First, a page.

The main judgement that was passed in the particular writ petition was with respect to the living will authorisation and the part that does right to live with dignity include the right to die aspect, kind of complementing the Aruna Shaunbaug judgement, as these two points were also the essentials of the above case.

The concept of Euthanasia has evolved over time, not only in our country but in all of the countries around the world. One of the first landmark cases with this respect was the Airedale N.H.S Trust V. Bland 1993 A.C. 789 in the house of lords, United Kingdom. In this case, Mr. Tony Bland was being subjected to artificial treatment and the Bland family with the help of Dr. Jim Howe, who was the consulting neurologist in the particular, submitted a plea to the House of lords to end the treatment and let Mr. Tony Bland die peacefully. The plea was accepted and this was one of the benchmark cases with respect to passive Euthanasia.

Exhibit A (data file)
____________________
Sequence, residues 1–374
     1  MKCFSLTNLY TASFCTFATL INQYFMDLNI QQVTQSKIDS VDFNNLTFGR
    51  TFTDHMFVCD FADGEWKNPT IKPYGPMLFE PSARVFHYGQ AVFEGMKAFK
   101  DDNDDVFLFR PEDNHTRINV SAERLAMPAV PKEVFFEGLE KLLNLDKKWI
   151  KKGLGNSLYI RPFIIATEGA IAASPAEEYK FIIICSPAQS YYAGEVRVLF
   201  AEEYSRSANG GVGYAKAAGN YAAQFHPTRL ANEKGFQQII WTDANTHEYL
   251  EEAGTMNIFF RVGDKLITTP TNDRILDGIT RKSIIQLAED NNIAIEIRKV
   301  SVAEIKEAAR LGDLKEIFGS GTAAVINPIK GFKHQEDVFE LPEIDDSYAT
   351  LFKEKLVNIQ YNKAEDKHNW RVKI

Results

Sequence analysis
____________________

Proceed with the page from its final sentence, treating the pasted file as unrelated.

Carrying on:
The current Indian law permits passive Euthanasia, subjecting it to certain particular terms and conditions, has also deleted the concept of living will authorisation. I consider this something which is prudent and is going with respect to time and conditions in our country. Though there are still elements of Euthanasia, such as active Euthanasia and the crux definition of it that still remains ambiguous. I believe that with the passage of time the same will evolve and we will get something stringent and particular with this respect. A submission was made by the Indian Law Commission to the Government of India with respect to passive euthanasia. The bill is pending before both the houses as of now, but passive euthanasia can be practiced under the specific guidelines that were provided by the apex court.